2nd January 2022
Isaiah 60: 1-6
Arise, shine; for your light has come,
and the glory of the Lord has risen upon you.
For darkness shall cover the earth,
and thick darkness the peoples;
but the Lord will arise upon you,
and his glory will appear over you.
Nations shall come to your light,
and kings to the brightness of your dawn.
Lift up your eyes and look around;
they all gather together, they come to you;
your sons shall come from far away,
and your daughters shall be carried on their nurses’ arms.
Then you shall see and be radiant;
your heart shall thrill and rejoice,
because the abundance of the sea shall be brought to you,
the wealth of the nations shall come to you.
A multitude of camels shall cover you,
the young camels of Midian and Ephah;
all those from Sheba shall come.
They shall bring gold and frankincense,
and shall proclaim the praise of the Lord.
Psalm 84: 1-8
1 How dear to me is your dwelling, O Lord of hosts! *
My soul has a desire and longing for the courts of the Lord;
my heart and my flesh rejoice in the living God.
2 The sparrow has found her a house
and the swallow a nest where she may lay her young; *
by the side of your altars, O Lord of hosts,
my King and my God.
3 Happy are they who dwell in your house! *
they will always be praising you.
4 Happy are the people whose strength is in you! *
whose hearts are set on the pilgrims’ way.
5 Those who go through the desolate valley will find it a place of springs, *
for the early rains have covered it with pools of water.
6 They will climb from height to height, *
and the God of gods will reveal himself in Zion.
7 Lord God of hosts, hear my prayer; *
hearken, O God of Jacob.
8 Behold our defender, O God; *
and look upon the face of your Anointed.
This is the reason that I Paul am a prisoner for Christ Jesus for the sake of you Gentiles— for surely you have already heard of the commission of God’s grace that was given to me for you, and how the mystery was made known to me by revelation, as I wrote above in a few words, a reading of which will enable you to perceive my understanding of the mystery of Christ. In former generations this mystery was not made known to humankind, as it has now been revealed to his holy apostles and prophets by the Spirit: that is, the Gentiles have become fellow-heirs, members of the same body, and sharers in the promise in Christ Jesus through the gospel.
Of this gospel I have become a servant according to the gift of God’s grace that was given to me by the working of his power. Although I am the very least of all the saints, this grace was given to me to bring to the Gentiles the news of the boundless riches of Christ, and to make everyone see what is the plan of the mystery hidden for ages in God who created all things; so that through the church the wisdom of God in its rich variety might now be made known to the rulers and authorities in the heavenly places. This was in accordance with the eternal purpose that he has carried out in Christ Jesus our Lord, in whom we have access to God in boldness and confidence through faith in him.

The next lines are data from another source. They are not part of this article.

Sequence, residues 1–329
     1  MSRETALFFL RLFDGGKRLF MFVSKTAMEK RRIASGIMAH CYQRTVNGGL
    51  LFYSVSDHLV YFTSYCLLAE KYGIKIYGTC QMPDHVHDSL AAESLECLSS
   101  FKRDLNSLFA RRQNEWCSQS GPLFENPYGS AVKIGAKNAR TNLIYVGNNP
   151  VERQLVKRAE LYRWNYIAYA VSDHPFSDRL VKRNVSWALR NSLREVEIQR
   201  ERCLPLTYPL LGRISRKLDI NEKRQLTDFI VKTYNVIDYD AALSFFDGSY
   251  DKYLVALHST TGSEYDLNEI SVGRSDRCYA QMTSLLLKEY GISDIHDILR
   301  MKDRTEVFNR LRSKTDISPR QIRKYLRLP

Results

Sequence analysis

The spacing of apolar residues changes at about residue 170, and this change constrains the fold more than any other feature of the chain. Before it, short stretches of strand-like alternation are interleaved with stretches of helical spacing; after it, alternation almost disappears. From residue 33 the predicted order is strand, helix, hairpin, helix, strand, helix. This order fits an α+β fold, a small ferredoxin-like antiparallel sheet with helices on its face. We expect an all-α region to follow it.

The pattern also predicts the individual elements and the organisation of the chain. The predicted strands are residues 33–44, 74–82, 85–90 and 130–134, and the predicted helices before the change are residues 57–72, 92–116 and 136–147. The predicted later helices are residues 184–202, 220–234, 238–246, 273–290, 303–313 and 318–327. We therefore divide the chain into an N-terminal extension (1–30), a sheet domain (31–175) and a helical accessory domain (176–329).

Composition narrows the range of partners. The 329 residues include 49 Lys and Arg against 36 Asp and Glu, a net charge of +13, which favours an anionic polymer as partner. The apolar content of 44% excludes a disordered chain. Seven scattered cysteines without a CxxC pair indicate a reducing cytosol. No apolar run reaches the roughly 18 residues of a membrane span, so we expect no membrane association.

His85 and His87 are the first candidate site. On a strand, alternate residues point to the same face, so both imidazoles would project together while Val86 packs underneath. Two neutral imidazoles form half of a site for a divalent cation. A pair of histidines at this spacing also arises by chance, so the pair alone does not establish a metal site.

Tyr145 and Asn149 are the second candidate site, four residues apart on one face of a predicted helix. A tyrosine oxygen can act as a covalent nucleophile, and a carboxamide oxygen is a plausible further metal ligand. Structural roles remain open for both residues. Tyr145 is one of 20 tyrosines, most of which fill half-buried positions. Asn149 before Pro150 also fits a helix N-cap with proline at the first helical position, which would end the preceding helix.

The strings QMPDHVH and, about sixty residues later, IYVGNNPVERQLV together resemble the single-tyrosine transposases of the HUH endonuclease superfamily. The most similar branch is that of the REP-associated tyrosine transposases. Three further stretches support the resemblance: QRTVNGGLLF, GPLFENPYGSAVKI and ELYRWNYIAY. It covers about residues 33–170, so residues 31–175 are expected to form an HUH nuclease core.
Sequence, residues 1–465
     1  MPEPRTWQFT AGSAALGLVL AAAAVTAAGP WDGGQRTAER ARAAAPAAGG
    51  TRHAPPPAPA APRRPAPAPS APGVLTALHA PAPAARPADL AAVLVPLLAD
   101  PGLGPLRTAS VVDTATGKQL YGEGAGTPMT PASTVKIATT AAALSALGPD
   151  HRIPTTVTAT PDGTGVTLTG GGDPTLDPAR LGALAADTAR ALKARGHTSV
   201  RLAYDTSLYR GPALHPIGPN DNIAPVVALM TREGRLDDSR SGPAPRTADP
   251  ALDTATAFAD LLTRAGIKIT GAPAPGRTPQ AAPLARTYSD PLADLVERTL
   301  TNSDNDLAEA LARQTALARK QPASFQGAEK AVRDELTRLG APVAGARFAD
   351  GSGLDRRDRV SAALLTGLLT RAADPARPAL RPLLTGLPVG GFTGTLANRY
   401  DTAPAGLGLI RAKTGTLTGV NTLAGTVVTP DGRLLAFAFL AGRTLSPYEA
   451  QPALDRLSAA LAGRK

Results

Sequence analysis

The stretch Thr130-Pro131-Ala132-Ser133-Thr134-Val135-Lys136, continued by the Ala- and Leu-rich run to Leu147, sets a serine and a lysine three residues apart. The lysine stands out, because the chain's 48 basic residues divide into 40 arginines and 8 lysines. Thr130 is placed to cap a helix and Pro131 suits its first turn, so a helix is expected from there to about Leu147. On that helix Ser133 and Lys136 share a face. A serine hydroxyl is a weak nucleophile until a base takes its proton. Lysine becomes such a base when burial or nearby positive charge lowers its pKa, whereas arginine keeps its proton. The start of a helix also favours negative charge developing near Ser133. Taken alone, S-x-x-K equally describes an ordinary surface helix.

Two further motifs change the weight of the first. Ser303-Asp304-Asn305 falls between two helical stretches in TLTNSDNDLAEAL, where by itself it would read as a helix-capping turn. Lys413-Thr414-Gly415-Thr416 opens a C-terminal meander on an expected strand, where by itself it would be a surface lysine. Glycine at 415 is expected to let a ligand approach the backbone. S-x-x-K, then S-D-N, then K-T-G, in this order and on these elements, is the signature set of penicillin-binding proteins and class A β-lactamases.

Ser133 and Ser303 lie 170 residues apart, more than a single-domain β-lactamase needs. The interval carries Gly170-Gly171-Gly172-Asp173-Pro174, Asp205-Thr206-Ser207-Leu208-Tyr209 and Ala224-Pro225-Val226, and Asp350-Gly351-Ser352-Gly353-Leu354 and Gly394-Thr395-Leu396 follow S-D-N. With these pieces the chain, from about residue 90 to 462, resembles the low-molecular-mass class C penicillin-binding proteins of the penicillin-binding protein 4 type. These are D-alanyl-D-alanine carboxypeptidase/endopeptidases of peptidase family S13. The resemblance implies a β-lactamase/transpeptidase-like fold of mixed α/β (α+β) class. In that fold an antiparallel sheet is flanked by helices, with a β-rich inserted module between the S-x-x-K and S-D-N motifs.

Matthew 2: 1-12
In the time of King Herod, after Jesus was born in Bethlehem of Judea, wise men from the East came to Jerusalem, asking, ‘Where is the child who has been born king of the Jews? For we observed his star at its rising, and have come to pay him homage.’ When King Herod heard this, he was frightened, and all Jerusalem with him; and calling together all the chief priests and scribes of the people, he inquired of them where the Messiah was to be born. They told him, ‘In Bethlehem of Judea; for so it has been written by the prophet:
“And you, Bethlehem, in the land of Judah,
are by no means least among the rulers of Judah;
for from you shall come a ruler
who is to shepherd my people Israel.” ’
Then Herod secretly called for the wise men and learned from them the exact time when the star had appeared. Then he sent them to Bethlehem, saying, ‘Go and search diligently for the child; and when you have found him, bring me word so that I may also go and pay him homage.’ When they had heard the king, they set out; and there, ahead of them, went the star that they had seen at its rising, until it stopped over the place where the child was. When they saw that the star had stopped, they were overwhelmed with joy. On entering the house, they saw the child with Mary his mother; and they knelt down and paid him homage. Then, opening their treasure-chests, they offered him gifts of gold, frankincense, and myrrh. And having been warned in a dream not to return to Herod, they left for their own country by another road.